It has always been a dream of mine to wander the streets of Tokyo and eat copious amounts of sushi and ramen. For the last two weeks, I was able to live that dream. Now it’s my turn to share some of my favorite moments and eats from the amazing country, starting with the famous Tsukiji market.  Tsukiji market is the one place every chef goes to purchase the freshest seafood and every customer goes to eat the best sushi.  You can find literally anything seafood there from small vendors offering raw and prepared snacks to dried seafood to snacks to sweets and even tea. 

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Once it hits 10am, the streets become crowded with both locals and tourists. 

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tsukiji market

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Various types of bonito flakes, a chef’s dream. 

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There are endless restaurants serving sushi bowls, with various toppings. This “3 blue fin tuna bowl,” serving 3 grades of tuna along with tuna head was served at Sushi Zanmai. If visiting this particular restaurant, make sure to order their sea eel!

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The quality of the sushi just doesn’t compare with anything I’ve ever had back home. The salmon melted in my both, the uni had layers of flavors and the sea eel was the most exceptional, most tender piece of eel my taste buds ever experienced.

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After trying different sushi bowls, you can walk down the busy streets to find various vendors such as the one above selling unagi, scallops, squid, and shrimp all heated on a charcoal grill.

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Scallops are grilled and broiled fresh to order.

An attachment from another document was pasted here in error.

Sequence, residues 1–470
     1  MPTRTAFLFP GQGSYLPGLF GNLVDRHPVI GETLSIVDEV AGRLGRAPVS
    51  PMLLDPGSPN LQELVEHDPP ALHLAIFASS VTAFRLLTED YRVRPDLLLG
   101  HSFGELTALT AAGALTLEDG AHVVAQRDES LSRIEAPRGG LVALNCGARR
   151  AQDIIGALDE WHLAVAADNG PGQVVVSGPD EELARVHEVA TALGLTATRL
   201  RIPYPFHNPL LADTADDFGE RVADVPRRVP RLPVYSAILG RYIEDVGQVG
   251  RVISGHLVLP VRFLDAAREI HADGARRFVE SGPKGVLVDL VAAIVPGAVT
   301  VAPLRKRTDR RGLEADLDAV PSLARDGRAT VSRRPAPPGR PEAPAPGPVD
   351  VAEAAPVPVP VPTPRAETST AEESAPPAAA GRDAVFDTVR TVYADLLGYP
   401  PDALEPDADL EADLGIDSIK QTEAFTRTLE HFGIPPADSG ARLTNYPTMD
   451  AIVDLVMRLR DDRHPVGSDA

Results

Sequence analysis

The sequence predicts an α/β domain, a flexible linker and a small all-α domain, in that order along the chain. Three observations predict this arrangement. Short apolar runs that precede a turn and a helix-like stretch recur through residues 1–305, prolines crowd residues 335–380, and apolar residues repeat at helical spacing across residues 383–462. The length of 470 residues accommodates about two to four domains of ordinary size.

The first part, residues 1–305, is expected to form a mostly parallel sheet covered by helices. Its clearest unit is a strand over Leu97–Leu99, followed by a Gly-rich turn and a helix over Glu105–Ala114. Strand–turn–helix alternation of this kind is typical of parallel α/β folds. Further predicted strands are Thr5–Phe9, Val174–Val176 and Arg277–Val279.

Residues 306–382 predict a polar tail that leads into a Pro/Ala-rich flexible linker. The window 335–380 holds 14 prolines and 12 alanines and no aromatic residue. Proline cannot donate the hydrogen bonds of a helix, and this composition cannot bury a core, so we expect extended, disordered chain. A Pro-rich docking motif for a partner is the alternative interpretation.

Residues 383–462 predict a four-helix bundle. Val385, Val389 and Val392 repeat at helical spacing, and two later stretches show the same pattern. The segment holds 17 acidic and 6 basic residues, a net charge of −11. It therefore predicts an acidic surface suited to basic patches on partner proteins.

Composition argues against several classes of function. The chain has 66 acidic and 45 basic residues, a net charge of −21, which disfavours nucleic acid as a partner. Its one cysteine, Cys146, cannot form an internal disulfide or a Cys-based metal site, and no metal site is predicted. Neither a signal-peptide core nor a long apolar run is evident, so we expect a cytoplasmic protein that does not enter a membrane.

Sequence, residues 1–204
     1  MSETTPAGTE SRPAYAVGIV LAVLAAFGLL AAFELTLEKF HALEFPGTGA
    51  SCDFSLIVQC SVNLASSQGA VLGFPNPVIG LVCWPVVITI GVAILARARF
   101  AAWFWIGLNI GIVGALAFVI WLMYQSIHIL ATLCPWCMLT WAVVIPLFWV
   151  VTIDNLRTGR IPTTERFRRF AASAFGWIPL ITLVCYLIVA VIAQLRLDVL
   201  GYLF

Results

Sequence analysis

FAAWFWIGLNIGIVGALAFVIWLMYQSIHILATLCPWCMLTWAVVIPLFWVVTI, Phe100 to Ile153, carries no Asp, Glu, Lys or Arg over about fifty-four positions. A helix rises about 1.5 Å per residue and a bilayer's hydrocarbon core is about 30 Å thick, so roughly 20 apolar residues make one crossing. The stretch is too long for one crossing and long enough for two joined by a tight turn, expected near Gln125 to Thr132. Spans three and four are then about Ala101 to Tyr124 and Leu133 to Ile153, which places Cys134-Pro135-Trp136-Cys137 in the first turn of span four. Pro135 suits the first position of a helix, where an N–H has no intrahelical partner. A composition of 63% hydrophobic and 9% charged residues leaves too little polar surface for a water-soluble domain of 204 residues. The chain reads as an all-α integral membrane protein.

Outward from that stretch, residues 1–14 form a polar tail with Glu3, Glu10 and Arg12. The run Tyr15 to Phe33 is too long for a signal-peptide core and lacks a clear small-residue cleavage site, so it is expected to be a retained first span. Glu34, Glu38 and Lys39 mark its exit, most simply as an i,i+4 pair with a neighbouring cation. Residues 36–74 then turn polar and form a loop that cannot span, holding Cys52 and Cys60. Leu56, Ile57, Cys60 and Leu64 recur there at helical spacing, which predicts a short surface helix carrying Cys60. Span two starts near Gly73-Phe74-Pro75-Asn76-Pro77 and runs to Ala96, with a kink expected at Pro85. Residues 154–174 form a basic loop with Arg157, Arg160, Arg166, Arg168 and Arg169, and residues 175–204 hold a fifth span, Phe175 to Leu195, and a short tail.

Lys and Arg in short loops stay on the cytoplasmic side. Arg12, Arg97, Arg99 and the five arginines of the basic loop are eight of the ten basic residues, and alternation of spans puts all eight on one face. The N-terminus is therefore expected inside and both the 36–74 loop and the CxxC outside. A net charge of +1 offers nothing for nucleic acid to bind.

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Tamago on a stick? Yes, please! Sweet or salty, each version is equally delicious.

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Not only does Tsukiji market have myriads of sushi, it has hot foods such as this ramen stand. Father and son preparing bowls and bowls of ramen for the line of 20 plus people. They are, by far, one of the busiest stands even at 11am, and with good reason. I am not ashamed to say that I ate here 3 times out of the 6 times I came to tsukiji market. 

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Another popular hot spot was the line for beef bowls aka gyudon. Tender braised beef on a bowl of rice. Seems rather simple but the flavors are anything but. The sweet onions with the savory beef topped with red chili flakes is enough to warm up your stomachs. The other item to order was the #2, beef tendons over rice. A hearty way to start the day.

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Once you’re stuffed on seafood, there’s no other way to end the day than by stopping by a fresh mochi stand. Strawberry daifukus at 300 a yen with various fillings such as custard, green tea, blueberry, chocolate, chestnut, and strawberry are all available. How do I remember all the flavors, you ask? It might possibly be because I visited them 4 times. The best mochi hands down. 

If you’re ever in Tokyo, you must stop by Tsukiji market at least two times. Click here for part 2: Sushi Dai in Tsukiji market. 

 

Check out the rest of “A taste of Japan” series: 

 

Part 3: Tokyo

Part 4: Kikunoi

Part 5: Kyoto Pt 1

Part 6: Kyoto Pt 2

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